Looking up, looking out: How housing can help people with mental illness


Riverview Hospital, the most iconic mental health hospital in British Columbia, will close its doors for good this August. But while de-institutionalizing people with mental illness is considered best practice, a lack of affordable mental health services has condemned many to life on the streets. In Issue 107 of Megaphone Magazine we examine the health benefits of supportive housing, as well as accessible health services, for homeless people with mental illnesses.


Also in this issue: In a city that's always in need of more shelter, we cover the renovation announcement for the 329 Powell Place Women's Shelter that will see its capacity and services double. That won't erase the stigma of poverty, however, as you'll learn in our piece on a new study out of the University of Wisconsin that says poverty discrimination is bad for kids' mental and physical health. But sometimes the best thing for your mental health is just to get away from it all. One of our Writing Workshop participants tells us his secrets for the best low-income getaway (hint: it involves a rickety bike, a 25-year-old pup tent, and the road less travelled).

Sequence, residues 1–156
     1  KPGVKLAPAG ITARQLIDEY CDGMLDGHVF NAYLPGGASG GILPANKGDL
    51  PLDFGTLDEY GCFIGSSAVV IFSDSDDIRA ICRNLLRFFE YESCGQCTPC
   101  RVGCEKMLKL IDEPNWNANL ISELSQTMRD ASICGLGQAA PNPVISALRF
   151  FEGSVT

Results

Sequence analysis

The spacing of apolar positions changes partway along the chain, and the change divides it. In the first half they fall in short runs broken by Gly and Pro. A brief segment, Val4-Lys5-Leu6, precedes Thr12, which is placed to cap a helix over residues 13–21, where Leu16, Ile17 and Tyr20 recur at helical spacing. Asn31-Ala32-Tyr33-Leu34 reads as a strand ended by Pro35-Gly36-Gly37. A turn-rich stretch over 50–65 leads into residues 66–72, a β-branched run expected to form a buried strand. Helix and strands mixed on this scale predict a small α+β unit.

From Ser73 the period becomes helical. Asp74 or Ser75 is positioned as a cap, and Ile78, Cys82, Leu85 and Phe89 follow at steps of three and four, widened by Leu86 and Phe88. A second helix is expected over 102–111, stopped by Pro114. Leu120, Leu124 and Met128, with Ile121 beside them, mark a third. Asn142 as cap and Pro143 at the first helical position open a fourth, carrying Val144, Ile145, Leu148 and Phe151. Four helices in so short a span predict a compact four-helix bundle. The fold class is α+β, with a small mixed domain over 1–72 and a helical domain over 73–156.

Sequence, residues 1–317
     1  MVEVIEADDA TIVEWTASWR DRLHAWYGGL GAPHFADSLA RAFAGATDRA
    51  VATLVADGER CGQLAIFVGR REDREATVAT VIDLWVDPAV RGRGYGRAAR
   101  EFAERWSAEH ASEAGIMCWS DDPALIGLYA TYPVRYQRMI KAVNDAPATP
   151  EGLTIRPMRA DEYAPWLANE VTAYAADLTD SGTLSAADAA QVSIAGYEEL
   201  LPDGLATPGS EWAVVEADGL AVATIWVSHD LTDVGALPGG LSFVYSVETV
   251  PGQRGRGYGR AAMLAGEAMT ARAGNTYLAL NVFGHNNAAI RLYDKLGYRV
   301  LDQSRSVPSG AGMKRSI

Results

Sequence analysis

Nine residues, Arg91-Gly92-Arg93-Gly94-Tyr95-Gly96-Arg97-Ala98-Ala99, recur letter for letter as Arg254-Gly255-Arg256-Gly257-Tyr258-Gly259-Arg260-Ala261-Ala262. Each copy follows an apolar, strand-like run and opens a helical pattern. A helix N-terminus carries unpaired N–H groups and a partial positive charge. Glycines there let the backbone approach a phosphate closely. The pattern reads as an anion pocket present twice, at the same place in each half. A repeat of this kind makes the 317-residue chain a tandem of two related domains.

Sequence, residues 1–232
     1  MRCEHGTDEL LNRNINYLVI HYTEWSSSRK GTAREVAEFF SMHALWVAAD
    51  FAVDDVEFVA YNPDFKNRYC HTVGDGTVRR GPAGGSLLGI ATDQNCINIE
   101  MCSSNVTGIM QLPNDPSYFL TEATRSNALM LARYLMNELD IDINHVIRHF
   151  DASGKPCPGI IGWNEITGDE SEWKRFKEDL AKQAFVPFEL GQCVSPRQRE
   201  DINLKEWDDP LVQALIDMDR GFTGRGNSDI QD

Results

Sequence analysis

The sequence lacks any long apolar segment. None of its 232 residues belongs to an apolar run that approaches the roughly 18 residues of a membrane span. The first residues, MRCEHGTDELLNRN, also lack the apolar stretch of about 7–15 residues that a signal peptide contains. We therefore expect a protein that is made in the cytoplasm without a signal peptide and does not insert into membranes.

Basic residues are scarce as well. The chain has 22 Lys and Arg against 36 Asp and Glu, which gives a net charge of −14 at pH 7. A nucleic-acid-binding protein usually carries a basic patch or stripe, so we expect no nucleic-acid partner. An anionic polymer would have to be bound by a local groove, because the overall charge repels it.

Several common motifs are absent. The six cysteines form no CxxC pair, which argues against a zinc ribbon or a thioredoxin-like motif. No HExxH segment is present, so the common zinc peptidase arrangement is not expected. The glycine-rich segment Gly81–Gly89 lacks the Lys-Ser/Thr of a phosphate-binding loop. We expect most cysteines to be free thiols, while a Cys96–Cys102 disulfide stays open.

David Suzuki examines the health of our homes on a broader scale, talking about the oil pipeline spills in Alberta, and what they mean for B.C.; local breakout band The Japandroids talks about their (now former) days in relative obscurity; and Megaphone vendor Bob says good bye to his father who recently passed away. As always we feature poetry from our Writing Workshops, arts listings, horoscopes, and more. 


Support your local vendor and pick up Issue 107 of Megaphone today!


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